New landscaping provides healing environment to hospital’s exterior

Loma Linda University Health works every day to care for and heal every person who comes through the doors. And for more than 100 years, the focus has not only been on the physical condition of our patients. Loma Linda University Health Care focuses on the whole person.

The landscaping around the future medical center will be one of the very first factors in any person’s healing here at Loma Linda. Patients and visitors will arrive in a room that features outdoor healing gardens and gathers spaces around the new health complex. This calming environment offers natural light, gardens, green spaces, areas for social interaction or calm reflection, open and welcoming entrances and clear signposts. This carefully planned physical environment will play a key role in the overall personal care approach.

Shortly before the completion of the multi-year construction project, work is underway to create this inviting physical space. The plan is to place 168 new trees around the new building, including nine large oaks that were shipped to the site in 72-inch boxes. A total of 14 different tree species are planted. A wide range of ground covers are also planted.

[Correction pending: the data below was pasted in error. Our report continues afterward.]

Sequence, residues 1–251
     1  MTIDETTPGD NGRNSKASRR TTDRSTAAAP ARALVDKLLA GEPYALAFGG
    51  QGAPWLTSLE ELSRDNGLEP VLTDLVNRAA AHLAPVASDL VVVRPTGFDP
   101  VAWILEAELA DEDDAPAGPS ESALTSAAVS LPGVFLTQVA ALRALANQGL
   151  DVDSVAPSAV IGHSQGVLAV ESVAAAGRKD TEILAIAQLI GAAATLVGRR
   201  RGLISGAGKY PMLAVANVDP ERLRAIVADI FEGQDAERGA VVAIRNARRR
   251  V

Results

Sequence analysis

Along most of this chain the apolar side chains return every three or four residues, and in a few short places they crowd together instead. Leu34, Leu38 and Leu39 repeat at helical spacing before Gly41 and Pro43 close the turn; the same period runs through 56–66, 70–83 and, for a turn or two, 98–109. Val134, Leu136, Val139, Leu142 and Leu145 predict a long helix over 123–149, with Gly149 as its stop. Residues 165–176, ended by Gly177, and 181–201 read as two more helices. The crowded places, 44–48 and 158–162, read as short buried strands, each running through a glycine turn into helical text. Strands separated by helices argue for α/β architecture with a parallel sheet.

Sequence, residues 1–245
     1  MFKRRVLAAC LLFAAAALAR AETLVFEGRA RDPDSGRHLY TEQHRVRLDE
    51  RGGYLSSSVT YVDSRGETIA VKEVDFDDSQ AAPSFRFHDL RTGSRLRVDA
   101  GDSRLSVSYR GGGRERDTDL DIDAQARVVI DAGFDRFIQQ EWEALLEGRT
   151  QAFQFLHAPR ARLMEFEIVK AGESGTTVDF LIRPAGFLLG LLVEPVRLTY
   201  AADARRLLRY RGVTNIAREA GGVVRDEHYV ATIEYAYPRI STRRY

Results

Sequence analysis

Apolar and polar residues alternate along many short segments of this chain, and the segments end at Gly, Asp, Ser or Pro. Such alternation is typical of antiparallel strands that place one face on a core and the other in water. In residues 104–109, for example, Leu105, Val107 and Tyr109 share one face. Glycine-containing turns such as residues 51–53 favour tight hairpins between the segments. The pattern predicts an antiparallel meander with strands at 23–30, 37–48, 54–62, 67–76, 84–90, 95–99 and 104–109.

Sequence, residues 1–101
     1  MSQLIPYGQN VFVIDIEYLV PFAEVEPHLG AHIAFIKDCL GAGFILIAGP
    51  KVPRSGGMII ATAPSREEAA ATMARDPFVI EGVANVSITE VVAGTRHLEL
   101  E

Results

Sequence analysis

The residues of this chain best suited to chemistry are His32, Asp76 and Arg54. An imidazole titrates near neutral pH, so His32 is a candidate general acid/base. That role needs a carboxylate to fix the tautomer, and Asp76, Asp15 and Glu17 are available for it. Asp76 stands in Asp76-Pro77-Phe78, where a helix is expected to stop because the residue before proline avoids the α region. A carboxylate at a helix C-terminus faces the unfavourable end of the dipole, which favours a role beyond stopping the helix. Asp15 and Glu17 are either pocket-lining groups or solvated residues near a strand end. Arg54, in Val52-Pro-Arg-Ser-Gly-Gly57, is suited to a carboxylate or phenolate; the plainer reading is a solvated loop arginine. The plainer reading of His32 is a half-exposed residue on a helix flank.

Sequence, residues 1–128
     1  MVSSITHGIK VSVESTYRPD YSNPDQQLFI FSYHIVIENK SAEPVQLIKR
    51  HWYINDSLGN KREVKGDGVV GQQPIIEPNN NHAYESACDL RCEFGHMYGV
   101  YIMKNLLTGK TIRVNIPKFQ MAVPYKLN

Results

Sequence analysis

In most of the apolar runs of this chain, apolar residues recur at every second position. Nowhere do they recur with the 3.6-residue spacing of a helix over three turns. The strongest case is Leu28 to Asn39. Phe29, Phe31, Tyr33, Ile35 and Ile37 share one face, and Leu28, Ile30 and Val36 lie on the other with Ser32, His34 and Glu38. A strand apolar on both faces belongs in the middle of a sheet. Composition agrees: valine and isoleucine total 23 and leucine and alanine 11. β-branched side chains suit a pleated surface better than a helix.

Two special trees will be moved in prominent locations through the new outdoor amphitheater east of the new building. A tree, a holly oak, honors the memory of Baby Fae and the groundbreaking heart transplant work that Dr. Leonard Bailey started in 1984. The second, a California redbud, honors Elenore Graves, a beloved nurse who served in the pediatric intensive care unit at the Children’s Hospital for 27 years. Both trees were in the main parking lot of the Medical Center, where the future hospital for adults and the tower of the children’s hospital are located today.

In order to improve the appearance of the campus in the evening, the employees are also installing more than 300 new outdoor lights. Along with more than 50 new parking lot lights, lights will be placed around trees, along walls, as safety features on steps and at the base of trees to provide dramatic lighting.

This vignette comes from a blog by Dennis E. Park that appears on the website

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